When choosing an optic in either of these measurements a good starting point is asking yourself what does your own mind measure in? If it’s centimeter and meter then use MILs or if you measure in inches and yards use MOA. If you already use the measurement system it ends up being a lot easier to make adjustments without doing conversions along the way.

Rifle Scope

With either MIL or MOA, unless you’re limited by operational reasons, I wouldn’t convert back and forth to linear measurements. Stick with the system you already use and choose a scope based on that.

Rifle Scope Reticles

There are two major things that will change how the reticle functions overall. Whether the optic is Second Focal Plane (SFP) or First Focal Plane (FFP). FFP means that the reticle in the scope changes size when changing the magnification ranges in the scope, this ensures the reticle hashmarks stay in the same focal plane as the magnification level of the scope. This is an important function when utilising ranging functions built into some reticles.

SFP scopes means that the reticle will stay the same size no matter what magnification the scope is set to. This will mean that the reticle hashmarks will only be accurate at one specific magnification. This specific magnification is usually marked by a dot on the magnification ring.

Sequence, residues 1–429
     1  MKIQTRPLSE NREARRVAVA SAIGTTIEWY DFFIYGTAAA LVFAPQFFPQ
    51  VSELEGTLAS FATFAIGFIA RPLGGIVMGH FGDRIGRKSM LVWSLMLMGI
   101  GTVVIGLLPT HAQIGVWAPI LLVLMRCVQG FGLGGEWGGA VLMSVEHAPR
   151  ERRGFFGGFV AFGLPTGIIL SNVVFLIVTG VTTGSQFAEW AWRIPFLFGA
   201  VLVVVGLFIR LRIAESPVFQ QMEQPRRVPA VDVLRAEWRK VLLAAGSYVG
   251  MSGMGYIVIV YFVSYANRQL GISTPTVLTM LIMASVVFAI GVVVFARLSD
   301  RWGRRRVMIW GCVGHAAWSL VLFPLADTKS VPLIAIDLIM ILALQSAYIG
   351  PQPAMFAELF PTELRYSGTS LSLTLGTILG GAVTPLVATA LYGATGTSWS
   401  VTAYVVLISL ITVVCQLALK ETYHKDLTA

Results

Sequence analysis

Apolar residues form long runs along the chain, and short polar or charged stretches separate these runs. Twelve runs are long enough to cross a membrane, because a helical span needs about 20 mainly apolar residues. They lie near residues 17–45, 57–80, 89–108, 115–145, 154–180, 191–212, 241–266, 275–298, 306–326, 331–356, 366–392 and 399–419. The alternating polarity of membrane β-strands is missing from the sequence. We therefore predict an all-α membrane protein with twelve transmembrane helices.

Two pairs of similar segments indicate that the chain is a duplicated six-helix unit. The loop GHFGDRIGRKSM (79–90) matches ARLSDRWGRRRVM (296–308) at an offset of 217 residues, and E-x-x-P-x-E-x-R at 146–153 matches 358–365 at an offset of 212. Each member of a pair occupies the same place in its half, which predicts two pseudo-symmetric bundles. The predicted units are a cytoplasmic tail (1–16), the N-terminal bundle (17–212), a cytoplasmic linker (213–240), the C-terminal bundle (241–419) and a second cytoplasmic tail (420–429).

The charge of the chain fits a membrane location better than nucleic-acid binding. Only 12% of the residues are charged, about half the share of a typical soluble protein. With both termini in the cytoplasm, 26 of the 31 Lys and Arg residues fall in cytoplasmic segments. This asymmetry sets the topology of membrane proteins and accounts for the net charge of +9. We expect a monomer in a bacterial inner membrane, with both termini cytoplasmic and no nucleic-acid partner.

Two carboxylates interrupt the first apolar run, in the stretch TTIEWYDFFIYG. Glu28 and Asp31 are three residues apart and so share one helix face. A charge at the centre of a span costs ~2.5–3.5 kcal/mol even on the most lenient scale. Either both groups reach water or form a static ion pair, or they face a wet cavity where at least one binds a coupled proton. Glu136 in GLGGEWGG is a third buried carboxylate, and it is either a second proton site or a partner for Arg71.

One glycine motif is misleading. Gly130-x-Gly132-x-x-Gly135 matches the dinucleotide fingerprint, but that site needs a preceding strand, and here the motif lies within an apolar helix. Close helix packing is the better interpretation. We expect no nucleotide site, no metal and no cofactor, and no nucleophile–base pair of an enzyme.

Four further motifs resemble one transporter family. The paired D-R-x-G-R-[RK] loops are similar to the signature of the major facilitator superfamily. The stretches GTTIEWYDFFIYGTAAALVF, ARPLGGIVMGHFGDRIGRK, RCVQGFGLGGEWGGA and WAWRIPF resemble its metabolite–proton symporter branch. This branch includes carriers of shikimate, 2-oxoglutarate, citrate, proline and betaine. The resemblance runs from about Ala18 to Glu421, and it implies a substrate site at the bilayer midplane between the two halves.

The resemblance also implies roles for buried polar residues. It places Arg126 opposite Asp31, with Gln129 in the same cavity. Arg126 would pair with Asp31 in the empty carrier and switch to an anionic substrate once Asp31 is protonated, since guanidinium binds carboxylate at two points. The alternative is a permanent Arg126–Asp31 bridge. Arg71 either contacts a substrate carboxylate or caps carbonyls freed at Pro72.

Using a scopes reticle’s hashmarks to range a target is a way of determining your distance to target without the use of a rangefinder. A FFP scope will be priced higher than a SFP scope because of its ability to assist in ranging,

Reticles provide a point of aim and a hunting reticle will have a more simple reticle than a target rifle. This is due to hunting reticles being designed for quickly identifying a target and taking the shot.

Duplex Reticle Rifle Scope

Target shooting reticles will often include a variety of hash-marks to help the user make shots at longer distances. Shooting long distance has greater effects on the projectile from gravity as it travels. Wind will also effect the travel of the projectile. Hash-marks on the reticle can be used to offset the bullet drop and wind effect, by holding over at a lower point in the reticle.

Scope holdover Rifle Scope

Utilising hold-overs can be a quicker alternative to dialing windage and elevation changes on the scopes turrets.

Rifle Scope Maintube Size

Optic maintubes will come in three main sizes, 1”(25mm), 30mm and 34mm.

Scope Tube Diameter Rifle Scope

The size of the maintube is important to know as you will need to buy the right sized scope rings to fit the rifle scope.